Thurston v. Midvale Corp.

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Justia Opinion Summary

Plaintiff, who is blind and uses a screen reader, filed suit alleging that defendant violated the Unruh Civil Rights Act by violating the federal American with Disabilities Act of 1990 (ADA). Plaintiff's claims stemmed from her being unable to access defendant's restaurant website with her screen reader.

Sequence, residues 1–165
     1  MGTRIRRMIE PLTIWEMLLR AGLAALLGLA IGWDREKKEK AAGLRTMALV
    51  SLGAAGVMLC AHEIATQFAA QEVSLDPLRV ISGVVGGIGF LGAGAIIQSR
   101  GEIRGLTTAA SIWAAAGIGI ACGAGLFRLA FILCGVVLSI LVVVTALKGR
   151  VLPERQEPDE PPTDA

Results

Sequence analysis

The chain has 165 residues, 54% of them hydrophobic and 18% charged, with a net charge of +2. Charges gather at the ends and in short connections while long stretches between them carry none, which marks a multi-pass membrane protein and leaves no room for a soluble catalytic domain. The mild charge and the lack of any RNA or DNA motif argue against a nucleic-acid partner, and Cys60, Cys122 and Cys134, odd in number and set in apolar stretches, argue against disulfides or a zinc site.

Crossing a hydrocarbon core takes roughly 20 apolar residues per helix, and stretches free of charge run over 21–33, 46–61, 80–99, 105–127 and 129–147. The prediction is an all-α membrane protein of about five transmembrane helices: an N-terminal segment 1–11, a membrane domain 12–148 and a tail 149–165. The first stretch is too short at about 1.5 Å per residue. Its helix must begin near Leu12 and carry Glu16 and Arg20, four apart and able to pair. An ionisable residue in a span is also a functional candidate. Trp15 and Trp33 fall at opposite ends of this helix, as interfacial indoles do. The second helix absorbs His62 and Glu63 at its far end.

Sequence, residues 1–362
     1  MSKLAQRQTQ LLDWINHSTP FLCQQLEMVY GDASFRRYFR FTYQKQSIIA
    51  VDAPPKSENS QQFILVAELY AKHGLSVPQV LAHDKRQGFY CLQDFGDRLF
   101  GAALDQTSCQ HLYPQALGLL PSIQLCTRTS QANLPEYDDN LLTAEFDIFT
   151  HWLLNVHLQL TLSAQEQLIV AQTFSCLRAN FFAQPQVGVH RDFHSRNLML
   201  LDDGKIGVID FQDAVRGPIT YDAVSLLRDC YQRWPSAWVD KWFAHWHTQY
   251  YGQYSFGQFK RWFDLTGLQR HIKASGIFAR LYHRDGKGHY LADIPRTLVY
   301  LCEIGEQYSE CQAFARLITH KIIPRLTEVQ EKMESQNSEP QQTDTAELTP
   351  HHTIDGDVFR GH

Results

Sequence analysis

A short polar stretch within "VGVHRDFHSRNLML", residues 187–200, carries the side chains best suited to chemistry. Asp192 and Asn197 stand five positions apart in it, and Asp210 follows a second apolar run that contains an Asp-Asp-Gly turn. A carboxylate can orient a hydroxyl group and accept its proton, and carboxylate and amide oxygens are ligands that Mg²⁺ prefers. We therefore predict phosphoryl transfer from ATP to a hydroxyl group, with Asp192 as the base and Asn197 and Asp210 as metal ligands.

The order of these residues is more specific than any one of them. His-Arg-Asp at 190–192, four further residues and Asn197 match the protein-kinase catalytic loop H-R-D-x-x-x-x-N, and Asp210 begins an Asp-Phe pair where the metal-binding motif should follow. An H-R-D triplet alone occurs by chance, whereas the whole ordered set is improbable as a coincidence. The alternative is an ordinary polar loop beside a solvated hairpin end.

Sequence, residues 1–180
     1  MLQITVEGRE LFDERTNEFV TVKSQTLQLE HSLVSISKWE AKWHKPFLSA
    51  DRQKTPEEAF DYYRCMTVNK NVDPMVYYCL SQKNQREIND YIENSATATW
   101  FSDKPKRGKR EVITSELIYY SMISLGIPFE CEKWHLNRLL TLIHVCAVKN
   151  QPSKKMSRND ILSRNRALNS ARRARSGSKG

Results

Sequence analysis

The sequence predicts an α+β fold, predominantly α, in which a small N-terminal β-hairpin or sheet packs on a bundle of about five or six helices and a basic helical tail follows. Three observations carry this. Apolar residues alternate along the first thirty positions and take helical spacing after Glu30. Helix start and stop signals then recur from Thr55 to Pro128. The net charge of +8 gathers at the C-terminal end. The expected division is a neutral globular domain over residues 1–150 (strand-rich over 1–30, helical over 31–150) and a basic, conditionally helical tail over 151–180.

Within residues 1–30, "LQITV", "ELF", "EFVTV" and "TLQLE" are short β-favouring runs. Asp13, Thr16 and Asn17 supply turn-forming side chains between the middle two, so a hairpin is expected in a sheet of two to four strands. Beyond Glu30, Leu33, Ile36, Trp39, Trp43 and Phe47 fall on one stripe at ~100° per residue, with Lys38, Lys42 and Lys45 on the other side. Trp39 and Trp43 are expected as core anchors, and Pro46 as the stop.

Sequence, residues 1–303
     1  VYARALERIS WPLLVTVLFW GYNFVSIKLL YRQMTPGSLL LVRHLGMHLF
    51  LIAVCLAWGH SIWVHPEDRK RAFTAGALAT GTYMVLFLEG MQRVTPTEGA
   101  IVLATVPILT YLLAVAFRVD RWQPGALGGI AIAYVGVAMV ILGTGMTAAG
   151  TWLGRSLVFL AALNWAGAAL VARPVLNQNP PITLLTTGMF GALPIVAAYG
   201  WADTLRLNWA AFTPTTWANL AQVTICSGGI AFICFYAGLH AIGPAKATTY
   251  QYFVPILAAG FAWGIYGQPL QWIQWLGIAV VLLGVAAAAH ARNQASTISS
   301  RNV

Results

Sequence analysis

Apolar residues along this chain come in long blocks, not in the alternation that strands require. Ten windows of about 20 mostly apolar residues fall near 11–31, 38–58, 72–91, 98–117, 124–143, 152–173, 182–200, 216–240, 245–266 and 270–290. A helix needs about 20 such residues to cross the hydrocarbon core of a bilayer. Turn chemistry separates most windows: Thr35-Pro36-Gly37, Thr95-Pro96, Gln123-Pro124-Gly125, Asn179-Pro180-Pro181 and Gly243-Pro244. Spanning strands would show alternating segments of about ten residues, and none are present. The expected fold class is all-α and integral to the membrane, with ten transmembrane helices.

The Court of Appeal held that Title III of the ADA applies to defendant's website; at a minimum, Title III covers a website with a nexus to a physical place of public accommodation; and the undisputed facts show a sufficient nexus between defendant's website and its restaurant. The court also held that plaintiff's and the trial court's references to nongovernmental guidelines did not violate defendant's due process rights; the trial court could and did disregard surplus comments plaintiff made about the Web Content Accessibility Guidelines 2.0; and the specification of WCAG 2.0 guidelines in the injunction did not support or show a due process violation. Finally, the court held that whether defendant's alternative means of communication would be effective was not a triable issue of fact; plaintiff had standing to obtain an injunction; and the injunction mandating compliance with WCAG 2.0 was not overbroad or uncertain.